The American commercial firearms market was put on a brief pause while the domestic gun companies went all in to Beat the Kaiser and it was almost as though Savage used this as a chance to regroup and redesign.

Measuring a range of hand sizes, Savage designers cut the backstrap of a 1907 frame loose at the bottom and bent it backward until they settled on what seemed to be the ideal angle for a naturally pointing grip. The new, flared grip shape may look less graceful than the original, but it's one of the most naturally-pointing shapes you'll find on a pocket auto.

The new grip shape necessitated a large relief to be scooped out of the bottom of the grip frame to allow clearance for the shooter's thumb when plucking out empty magazines.

The grips on the new pistol featured an improvement as well. 

Original Savage 1907 grips were made of a hard rubber and required a slight amount of flexibility to slide into the slots on the frame. This was because Colt had a Browning patent for affixing the grips of a self loading pistol to the frame with screws.

The problem was that the rubber could get brittle with time, and the fine channels into which the grip panels slid could get clogged with dirt or residue, and grips would break or not fit properly.

By the time the new pistol hit the market in 1920, this wasn't an issue anymore and the revised grip panels were held on with a screw like a normal pistol. (Remington's Model 51, which was released in 1918, still had to dodge the Colt patent with rivet-backed grips that slid on and were retained by the mainspring pin.)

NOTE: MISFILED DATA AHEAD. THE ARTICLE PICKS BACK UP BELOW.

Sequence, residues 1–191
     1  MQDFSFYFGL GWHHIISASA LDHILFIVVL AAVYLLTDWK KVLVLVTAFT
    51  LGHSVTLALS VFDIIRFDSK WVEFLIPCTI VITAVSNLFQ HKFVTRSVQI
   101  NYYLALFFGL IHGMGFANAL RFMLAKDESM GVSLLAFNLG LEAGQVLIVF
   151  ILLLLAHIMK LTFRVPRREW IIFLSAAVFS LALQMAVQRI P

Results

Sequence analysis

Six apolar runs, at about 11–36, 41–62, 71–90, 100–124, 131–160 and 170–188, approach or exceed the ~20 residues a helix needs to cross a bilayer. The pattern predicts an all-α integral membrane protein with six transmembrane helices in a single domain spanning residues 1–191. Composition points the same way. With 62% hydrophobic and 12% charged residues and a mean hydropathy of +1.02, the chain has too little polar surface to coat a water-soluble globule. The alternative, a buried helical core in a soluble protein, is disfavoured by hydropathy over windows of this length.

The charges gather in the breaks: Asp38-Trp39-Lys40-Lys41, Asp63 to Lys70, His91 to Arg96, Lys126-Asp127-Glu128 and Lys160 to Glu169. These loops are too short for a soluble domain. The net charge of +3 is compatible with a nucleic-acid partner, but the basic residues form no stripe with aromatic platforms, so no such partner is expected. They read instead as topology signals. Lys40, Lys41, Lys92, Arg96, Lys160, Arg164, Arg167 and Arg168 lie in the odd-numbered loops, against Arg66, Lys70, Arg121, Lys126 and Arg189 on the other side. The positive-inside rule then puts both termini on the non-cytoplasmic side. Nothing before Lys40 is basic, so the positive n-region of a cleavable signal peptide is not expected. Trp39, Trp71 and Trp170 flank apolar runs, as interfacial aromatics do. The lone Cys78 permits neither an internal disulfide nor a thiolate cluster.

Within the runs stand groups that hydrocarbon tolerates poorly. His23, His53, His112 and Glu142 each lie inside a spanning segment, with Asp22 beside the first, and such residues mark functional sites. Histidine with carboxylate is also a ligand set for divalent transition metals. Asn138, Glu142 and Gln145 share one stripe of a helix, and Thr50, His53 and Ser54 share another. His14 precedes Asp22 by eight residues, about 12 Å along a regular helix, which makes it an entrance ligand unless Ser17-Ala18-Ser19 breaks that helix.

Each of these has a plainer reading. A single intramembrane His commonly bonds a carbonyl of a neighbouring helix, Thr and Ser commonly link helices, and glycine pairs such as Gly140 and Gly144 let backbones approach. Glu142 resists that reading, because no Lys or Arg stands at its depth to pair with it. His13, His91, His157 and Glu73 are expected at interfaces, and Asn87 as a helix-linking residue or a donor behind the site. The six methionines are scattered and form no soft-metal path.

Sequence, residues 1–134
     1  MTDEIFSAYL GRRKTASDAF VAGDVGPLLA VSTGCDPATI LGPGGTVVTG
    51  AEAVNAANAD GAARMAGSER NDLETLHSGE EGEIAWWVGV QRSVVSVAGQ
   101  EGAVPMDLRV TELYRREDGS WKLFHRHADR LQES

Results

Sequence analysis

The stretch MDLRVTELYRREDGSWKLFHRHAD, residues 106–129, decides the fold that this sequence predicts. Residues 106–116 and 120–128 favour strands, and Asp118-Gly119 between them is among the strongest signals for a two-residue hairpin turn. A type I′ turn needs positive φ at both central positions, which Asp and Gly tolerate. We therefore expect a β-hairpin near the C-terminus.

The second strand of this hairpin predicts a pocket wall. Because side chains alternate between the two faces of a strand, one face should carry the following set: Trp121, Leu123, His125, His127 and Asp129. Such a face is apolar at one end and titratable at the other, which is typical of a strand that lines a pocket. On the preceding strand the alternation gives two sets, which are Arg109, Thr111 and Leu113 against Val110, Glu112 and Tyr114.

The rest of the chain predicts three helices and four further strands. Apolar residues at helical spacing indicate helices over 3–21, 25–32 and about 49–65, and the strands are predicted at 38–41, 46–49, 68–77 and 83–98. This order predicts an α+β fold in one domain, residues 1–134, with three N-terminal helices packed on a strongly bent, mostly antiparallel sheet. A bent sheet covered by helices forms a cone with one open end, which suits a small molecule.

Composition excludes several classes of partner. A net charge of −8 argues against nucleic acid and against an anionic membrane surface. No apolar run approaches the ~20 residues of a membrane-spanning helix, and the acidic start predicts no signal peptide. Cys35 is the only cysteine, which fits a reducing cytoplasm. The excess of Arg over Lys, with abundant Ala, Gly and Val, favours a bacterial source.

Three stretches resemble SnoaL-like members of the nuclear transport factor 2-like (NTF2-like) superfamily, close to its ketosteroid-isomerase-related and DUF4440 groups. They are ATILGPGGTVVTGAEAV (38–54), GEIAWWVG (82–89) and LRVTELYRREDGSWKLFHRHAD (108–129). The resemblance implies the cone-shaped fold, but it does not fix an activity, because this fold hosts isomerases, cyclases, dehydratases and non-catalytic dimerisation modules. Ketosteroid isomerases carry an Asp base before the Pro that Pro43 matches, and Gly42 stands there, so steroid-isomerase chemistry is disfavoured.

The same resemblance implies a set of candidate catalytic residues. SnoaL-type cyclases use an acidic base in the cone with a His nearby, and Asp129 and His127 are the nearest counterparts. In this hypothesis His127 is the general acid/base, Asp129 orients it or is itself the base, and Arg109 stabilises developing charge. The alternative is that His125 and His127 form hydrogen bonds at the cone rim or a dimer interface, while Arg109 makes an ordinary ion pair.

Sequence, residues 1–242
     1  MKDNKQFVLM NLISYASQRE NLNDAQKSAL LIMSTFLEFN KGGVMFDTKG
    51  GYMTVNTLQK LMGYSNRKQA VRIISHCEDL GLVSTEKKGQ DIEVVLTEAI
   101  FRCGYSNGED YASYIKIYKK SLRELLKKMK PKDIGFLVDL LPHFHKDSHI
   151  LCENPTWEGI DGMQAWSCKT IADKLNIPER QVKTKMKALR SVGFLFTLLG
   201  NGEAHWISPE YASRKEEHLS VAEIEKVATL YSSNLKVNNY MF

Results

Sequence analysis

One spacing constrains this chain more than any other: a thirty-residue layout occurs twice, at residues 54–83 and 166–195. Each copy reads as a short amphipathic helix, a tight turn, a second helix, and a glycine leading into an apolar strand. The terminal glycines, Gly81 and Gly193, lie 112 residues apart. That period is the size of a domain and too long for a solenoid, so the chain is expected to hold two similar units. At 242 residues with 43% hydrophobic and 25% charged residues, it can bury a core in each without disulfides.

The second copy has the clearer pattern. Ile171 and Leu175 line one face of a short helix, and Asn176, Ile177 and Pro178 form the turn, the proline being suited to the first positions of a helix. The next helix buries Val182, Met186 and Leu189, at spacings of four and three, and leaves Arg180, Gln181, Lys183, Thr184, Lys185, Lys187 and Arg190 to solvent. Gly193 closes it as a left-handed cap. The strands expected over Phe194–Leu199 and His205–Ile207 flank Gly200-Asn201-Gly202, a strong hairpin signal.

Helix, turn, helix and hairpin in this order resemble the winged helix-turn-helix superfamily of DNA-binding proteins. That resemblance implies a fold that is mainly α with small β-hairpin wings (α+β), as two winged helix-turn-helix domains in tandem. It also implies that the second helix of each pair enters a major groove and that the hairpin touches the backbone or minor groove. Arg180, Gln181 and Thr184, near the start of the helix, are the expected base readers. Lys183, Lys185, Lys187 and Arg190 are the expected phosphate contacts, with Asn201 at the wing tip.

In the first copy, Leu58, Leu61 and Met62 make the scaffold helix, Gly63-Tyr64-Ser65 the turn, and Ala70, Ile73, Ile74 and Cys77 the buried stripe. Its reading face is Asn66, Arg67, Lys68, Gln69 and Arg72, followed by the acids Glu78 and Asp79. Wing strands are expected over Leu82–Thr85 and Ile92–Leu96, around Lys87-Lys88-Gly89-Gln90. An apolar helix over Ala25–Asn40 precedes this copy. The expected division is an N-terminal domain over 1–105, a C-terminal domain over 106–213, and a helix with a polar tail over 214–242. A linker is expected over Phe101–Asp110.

Despite the new Savage going on sale in 1920, the marketing department called it the Model 1917, after the year it was designed. The Model 1917 hit the shelves just in time for a period of sharp deflation now known as the Depression of 1920-1921.

Savage churned out over eleven thousand pistols in that first year of production, but sales were tepid. Between the economic slump and the dawn of Prohibition, crime was spiking. Pressure was on to enact pistol restrictions at the local, state, and national level. With unsold pistols piling up in stockrooms and warehouses, Savage suspended production for much of 1921 hoping to move some unsold inventory before restarting production at a slower pace.

Production continued until 1926, by which time 29,072 of the .32 caliber Model 1917's had been made, as well as a further 14,325 in .380ACP. Other than a handful of pistols assembled from leftover parts by special order, that was the end of the most serious domestic competitor for Colt's semiautomatic pistols until Smith & Wesson released its 9mm thirty years later.

The Model 1917 came in two varieties, known to collectors as the Model 1917-20 and the 1917-22, with the major difference being that the later pistols were marked "SAVAGE 1917 MODEL" in a small italic sans serif font on the left side of the frame where the old SAVAGE billboard marking had been in 1907 models; the 1917-20 was blank there, like the one in the photos.

Advertisement from June, 1914 issue of National Geographic